ENG 290 INTRODUCTION TO WOMEN'S LITERATURE: Radical Women Across Literature
Margaret P. Kelly
The phrase “like a girl” has gone from ballpark insult to the title of Lizzo’s feminist anthem of the same name. How did we get here? What does it mean to be or act “like a girl”? For centuries, women and girls in literature and popular culture have been subject to a wide array of stereotypes from the damsel in distress to the mammy. In this class, we will focus on how women in literature resist these stereotypes and female authors write and revise the perceived roles of women throughout the twentieth and twenty-first centuries. From Virginia Woolf’s essay “A Room of One’s Own” (1929) to Beyoncé’s visual album Lemonade (2016), we will examine how women writers over the past century have challenged social, cultural, and political prescriptions of women’s roles through both the form and the content of their literature. We will explore various forms of resistance from the quiet cultivation of interiority in Gwendolyn Brooks’s short novel Maud Martha (1953) to the outspoken political poetry of Adrienne Rich and Warsan Shire alike. In this course, we will read both canonical and non-canonical women writers in a variety of genres. Assignments will include a couple close reading essays, a longer literary analysis essay, a presentation, and reading quizzes.
Julia Mae Johnson

Do you enjoy getting off campus to explore Lexington when possible? Have you ever been able to do so as part of a class? Did you know that Lexington has a thriving art scene with numerous art galleries and public art situated throughout the city? You might know that we have a first-rate Art Museum on our campus but have you ever spent much time there? Signing up for this course is your chance not only to further your work as a poet but also to write ekphrastic poems—poems inspired by visual art. We will visit the UK Art Museum’s current shows as well as its permanent collection and will also go on field trips and independent excursions to galleries and shows in nearby downtown Lexington. We will collaborate and think about how we, along with our fellow peers in the workshop, enter, explore, and take inspiration from visual art in unexpected and fruitful ways. We will read, as examples, a selection of poems from various early and contemporary poets (including international poets) who have used art as a way into their work and together we will consider the endless possibilities. 
Matthew W. Godbey
Willa Cather’s O Pioneers! (1913) is a seminal American novel that was published at a pivotal moment in the history of America’s growth and development and in the history of American literature. We’ll examine Cather’s novel in these contexts and explore how, in both content and form, it bridges the divide between pre-modern and modern America and engages readers in fundamental, complex conversations about American identity. Along the way we’ll branch off in many directions and consider what Cather’s novel has to say about a variety of subjects, including but not limited to: literary genres, mass culture, gender roles, regionalism and urbanism. 
Frederick K Bengtsson

There’s just something about Hamlet—Shakespeare’s revenge tragedy continues to exert a fascination on audiences, readers, critics, and thinkers. In this course, we’ll read Hamlet alongside a number of early modern revenge tragedies, including Thomas Kyd’s Spanish Tragedy and Thomas Middleton’s Revenger’s Tragedy. Along the way, we’ll explore some of Shakespeare’s primary sources; consider the play in light of relevant late sixteenth-century social, political, and religious contexts; while also encountering some of Hamlet’s many appearances in literary criticism.

This course will introduce students to Shakespeare’s work in its historical and dramatic contexts; foster the development of a critical vocabulary and set of strategies for analyzing complex texts; and help students to develop close reading and critical writing skills.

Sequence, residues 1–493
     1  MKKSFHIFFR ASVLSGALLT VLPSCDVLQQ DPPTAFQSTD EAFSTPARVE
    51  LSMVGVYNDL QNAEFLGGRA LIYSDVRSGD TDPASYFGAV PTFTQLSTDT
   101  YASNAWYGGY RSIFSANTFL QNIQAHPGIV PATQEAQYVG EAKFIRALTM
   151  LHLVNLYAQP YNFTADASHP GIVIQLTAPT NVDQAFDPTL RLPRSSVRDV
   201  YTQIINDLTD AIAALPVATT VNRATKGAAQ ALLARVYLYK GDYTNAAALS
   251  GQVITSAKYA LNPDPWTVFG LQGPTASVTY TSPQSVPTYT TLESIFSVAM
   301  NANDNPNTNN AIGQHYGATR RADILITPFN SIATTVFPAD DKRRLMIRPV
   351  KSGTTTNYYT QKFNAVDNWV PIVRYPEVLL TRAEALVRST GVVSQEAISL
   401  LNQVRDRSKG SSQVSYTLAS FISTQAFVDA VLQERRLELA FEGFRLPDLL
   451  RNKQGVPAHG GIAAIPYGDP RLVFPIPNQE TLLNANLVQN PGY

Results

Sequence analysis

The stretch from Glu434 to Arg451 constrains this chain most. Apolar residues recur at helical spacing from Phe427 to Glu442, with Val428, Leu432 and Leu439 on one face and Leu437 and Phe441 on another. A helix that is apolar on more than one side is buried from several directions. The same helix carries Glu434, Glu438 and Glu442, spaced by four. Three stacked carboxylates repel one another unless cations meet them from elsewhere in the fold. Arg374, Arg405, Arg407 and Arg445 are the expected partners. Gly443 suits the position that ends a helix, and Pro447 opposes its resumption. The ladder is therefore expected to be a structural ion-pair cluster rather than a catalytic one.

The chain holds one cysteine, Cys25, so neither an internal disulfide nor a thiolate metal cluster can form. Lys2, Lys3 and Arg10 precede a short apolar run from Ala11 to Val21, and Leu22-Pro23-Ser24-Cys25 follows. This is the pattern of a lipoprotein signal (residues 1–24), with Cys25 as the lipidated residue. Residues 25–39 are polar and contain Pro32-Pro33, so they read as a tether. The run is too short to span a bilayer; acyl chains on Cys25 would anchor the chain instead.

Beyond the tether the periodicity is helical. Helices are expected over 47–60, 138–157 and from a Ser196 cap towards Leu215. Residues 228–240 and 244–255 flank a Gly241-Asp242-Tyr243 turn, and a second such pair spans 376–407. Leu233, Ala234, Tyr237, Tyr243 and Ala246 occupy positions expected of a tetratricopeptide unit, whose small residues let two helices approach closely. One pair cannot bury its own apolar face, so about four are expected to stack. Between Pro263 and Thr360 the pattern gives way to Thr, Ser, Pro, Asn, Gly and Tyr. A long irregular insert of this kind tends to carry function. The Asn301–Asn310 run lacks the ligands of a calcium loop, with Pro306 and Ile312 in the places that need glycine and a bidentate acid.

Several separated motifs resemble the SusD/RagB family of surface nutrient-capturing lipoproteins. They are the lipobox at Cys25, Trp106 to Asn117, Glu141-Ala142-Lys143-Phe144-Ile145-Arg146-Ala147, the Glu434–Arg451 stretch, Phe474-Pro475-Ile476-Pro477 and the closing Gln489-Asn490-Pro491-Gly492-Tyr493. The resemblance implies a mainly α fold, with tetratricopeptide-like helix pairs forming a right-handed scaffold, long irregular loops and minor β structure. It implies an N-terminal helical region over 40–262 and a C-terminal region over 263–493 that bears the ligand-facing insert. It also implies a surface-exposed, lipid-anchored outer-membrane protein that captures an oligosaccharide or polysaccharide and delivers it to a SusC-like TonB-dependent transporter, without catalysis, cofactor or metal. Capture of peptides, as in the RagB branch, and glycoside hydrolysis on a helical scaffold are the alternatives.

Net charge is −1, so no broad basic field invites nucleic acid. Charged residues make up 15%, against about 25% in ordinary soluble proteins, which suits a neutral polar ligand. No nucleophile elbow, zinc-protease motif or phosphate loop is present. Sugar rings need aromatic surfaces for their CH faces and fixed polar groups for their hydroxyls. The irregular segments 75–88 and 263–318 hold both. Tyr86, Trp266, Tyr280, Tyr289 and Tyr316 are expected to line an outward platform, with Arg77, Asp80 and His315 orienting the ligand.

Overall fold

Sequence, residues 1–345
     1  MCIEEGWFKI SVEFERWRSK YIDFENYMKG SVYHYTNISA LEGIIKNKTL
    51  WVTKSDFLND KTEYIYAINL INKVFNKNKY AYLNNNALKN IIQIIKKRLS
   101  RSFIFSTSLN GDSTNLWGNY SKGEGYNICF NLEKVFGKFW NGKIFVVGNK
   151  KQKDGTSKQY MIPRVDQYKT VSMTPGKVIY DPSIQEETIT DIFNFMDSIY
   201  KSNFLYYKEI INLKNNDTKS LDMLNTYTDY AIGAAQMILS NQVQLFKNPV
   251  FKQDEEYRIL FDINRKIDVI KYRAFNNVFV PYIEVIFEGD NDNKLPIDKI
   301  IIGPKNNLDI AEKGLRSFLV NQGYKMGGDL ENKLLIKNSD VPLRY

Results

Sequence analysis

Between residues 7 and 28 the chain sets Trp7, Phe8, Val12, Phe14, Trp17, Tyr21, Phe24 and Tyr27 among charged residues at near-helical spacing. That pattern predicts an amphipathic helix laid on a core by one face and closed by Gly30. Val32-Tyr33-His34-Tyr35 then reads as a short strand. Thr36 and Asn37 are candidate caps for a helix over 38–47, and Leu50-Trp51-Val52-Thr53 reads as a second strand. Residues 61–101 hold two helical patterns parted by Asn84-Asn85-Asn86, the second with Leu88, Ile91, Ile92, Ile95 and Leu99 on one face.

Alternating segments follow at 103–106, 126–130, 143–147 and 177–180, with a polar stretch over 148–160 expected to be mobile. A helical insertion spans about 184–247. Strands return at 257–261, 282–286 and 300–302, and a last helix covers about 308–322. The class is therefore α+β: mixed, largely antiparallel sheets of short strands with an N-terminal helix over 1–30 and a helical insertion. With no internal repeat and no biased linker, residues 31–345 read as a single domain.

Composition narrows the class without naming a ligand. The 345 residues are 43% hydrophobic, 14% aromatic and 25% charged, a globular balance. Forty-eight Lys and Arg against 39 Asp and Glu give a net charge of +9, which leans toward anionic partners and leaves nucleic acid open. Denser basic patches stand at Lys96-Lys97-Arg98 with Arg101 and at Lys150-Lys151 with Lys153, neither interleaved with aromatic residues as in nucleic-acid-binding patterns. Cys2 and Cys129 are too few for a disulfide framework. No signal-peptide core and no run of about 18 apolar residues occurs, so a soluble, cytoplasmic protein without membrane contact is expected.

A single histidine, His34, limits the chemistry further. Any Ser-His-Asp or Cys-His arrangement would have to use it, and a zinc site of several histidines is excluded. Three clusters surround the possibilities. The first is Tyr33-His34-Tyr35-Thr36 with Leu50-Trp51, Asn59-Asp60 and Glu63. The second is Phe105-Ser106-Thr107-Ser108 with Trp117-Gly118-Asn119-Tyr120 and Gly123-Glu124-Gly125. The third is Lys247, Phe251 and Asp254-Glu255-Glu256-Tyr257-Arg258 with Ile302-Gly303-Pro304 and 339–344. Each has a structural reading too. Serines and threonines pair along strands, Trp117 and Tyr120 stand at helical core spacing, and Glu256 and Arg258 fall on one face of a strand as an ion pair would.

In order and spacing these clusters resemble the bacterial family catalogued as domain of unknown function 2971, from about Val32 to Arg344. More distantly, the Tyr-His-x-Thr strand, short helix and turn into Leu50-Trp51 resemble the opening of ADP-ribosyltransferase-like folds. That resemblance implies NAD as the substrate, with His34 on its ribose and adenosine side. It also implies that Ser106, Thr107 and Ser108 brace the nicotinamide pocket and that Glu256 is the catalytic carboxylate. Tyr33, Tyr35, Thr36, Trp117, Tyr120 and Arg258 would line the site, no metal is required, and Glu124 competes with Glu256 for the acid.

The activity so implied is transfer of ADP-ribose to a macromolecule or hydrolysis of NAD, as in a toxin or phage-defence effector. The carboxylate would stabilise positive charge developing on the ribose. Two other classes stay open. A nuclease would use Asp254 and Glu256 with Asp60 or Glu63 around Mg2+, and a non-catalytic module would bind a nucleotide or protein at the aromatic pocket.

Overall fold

ENG 330 TEXT AND CONTEXT: Aurora Leigh
Jill Naomi Rappoport
Aurora Leigh (1857)—a beautifully crafted, compelling epic poem by one of Victorian England’s most prominent and influential poets—will be the centerpiece of an exciting semester. As we trace the artistic and romantic development of a female writer in Barrett Browning’s verse-novel, we’ll also read a range of other nineteenth-century poetry and prose (including Charlotte Brontë’s novel Jane Eyre and many shorter pieces) to explore its relationship to contemporary definitions of the “poetess”; women’s social, legal, and professional place in Victorian England; the relationship between poetic work and social activism; discourses on the “fallen” woman; and debates about the purpose and form of poetry itself. Whatever your previous experience with poetry is, this class will help you to better read, appreciate, discuss, and analyze verse. We will also spend time on the sounds of poetry, speaking and listening to poetic language in order to better understand its rhythms, form, and meanings. While today we tend to think of poetry as a private experience, during the nineteenth century poetry was often read aloud, and written with that reading in mind. Course requirements include a final recitation, frequent short written assignments, and two essays. 
ENG 337 Literature and Genre: Arthurian Literature
Matthew C. Giancarlo
In this course we will read a series of “King Arthur” narratives spanning from the Middle Ages to the Modern era. Readings include excerpts from Geoffrey of Monmouth’s History of the Kings of Britain, a 12th century quasi-historical chronicle; Chrétien de Troyes’ Arthurian Romances, the 12th century French foundation for romantic Arthurian literature; and the 14th century alliterative poem Sir Gawain and the Green Knight. The centerpiece of the course will be Sir Thomas Malory’s 15th century Le Morte D’Arthur. We will conclude with the 19th century Arthurian romances of Alfred Tennyson and T.H. White’s The Once and Future King. Discussion and analysis will focus on 1) themes important to the Arthurian tradition, such as romantic love, gender roles, society and social unity, the force of history, and the demands of justice, religion, and war; and 2) the social significance of the works themselves as reflections of contemporary culture. Work will include regular reading responses and quizzes, two shorter essays, and an annotated bibliography project. No final exam.